Iran’s Medical Council says no doctor has the right to refuse to accept and examine a patient over hijab issues.

However, the head of Medical Council, Mohammad Rais-Zadeh, said Sunday that no hijab-related case has been sent to the council so far.

The ruling follows reports of a doctor refusing to accept a veiled patient in the northeastern city of Mashhad.

In February, a medical office in the northeastern Iranian city of Kashmar was shut when a doctor there objected to a woman harassing a patient over her “improper clothing”.

Earlier in February, Iran’s Health Minister Bahram Einollahi said violation of hijab regulations is considered a crime at hospitals and if they do not abide by hijab regulations, they will not receive approval to operate. He added that public hospitals have been required to comply with the hijab law and provide services to women by female staff.

“Women's ultrasound should be performed by women, and in some cases that we do not have enough radiologists, we ask female general practitioners and gynecologists to be given short-term training,” underlined the minister.

The clerical regime continues to strictly enforce the "mandatory hijab", despite the mass protests that followed the death in custody last September of 22-year-old Mahsa Amini, who had been arrested by the morality police for defying modesty rules.

About a month before the death of Mahsa Amini, the so-called morality police had started patrolling medical and academic centers in Iran’s northeastern city of Mashhad to enforce compliance with the Islamic dress code. Social media users earlier reported the presence of teams from what the Islamic Republic calls the ‘Enjoining right and forbidding vice headquarters’ in various wards of hospitals and medical centers in other cities, with some reports of pressures on hospitals to separate male and female patients admitted to the ICU.

The uprising has made it increasingly difficult for the clerical regime to enforce the mandatory Islamic dress code. Appearing in public without a full veil has become a common sight even in small and more conservative towns. Since the beginning of the ‘Women, Life, Liberty’ movement in September last year, thousands of girls and women have set fire to their headscarves in a symbolic move and voiced opposition to compulsory hijab.

The head of Iran's Medical Council, Mohammad Rais-Zadeh

Rais-Zadeh also voiced his concern over the low income of doctors and surgeons, saying current wages mean no one would study for many years to qualify.

Iran’s medical profession is facing a crisis as more and more doctors leave the country for better wages and working conditions.

Driven by economic and professional problems, as well as lack of social and political freedoms, an increasing number of Iran's healthcare professionals emigrate.

There are no transparent data on the emigration of healthcare and other professionals, but medical officials and lawmakers often offer fragmentary information on the scope of the problem. The number of doctors emigrating has more than doubled in the past decade, according to one report.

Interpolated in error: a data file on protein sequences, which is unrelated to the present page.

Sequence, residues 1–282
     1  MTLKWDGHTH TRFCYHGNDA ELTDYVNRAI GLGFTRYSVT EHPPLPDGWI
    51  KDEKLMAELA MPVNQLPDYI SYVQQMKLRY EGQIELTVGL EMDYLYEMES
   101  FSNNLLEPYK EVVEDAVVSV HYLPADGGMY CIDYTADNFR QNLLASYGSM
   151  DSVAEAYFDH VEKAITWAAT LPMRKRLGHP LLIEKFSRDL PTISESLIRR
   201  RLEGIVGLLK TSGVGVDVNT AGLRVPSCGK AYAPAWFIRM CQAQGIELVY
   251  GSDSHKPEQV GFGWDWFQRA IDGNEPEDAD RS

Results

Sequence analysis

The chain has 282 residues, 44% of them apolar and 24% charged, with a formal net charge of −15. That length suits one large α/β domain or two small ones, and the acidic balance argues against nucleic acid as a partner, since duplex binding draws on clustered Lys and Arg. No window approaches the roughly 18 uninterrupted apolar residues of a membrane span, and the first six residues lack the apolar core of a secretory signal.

Thousands of physicians, dentists, midwives, and nurses have either emigrated in the past few years or are planning to leave for other countries. Many in Iran, including lawmakers, have repeatedly warned that the ever-increasing desire of healthcare professionals to leave will result in the deterioration of the country’s healthcare system.

In February, Mohammad Sharifi-Moghadam, a member of the central council of Iran's Nurses’ Organization, said between 2,500 to 3,000 nurses were emigrating from Iran each year, based on the number of requests for good standing certificates, confirming that the applicant is entitled to practice medicine in the country.

The average salary for a doctor in Iran is about $400 per month, against ten as much or more in the US and UK. Physicians and other health professionals’ maximum fees as well as private hospitals’ tariffs are set and announced by the government annually.

Mohammad-Ali Mohseni-Bandpey, a member of the parliament health committee, said last year that wrong government policies affecting doctors included ignoring their needs and demands and refusing to allow them to raise their fees despite higher costs of living and running their practices. According to Mohseni-Bandpey, despite an almost 50 percent annual inflation rate, the government is trying to prevent a similar increase in doctors’ fees, to keep healthcare costs down. He suggested that the government should allow them to increase their fees but shift the burden to insurance companies rather than patients.

Doctors in Iran must also contend with a lack of adequate medical equipment and resources.

With fewer doctors available to provide care, the quality of medical care in Iran is declining, especially in rural areas, where access is already limited.

Moreover, medical schools are struggling to attract and retain students, leaving the future of the medical profession in Iran in doubt.

A major investment in the healthcare system, as well as increased funding for medical schools and hospitals is required to salvage the situation and stop the flood of emigrating doctors. However, Iran’s dire financial plight means such investment is impossible for the foreseeable future.

IITV News (12) - DC
IITV News (12) - DC

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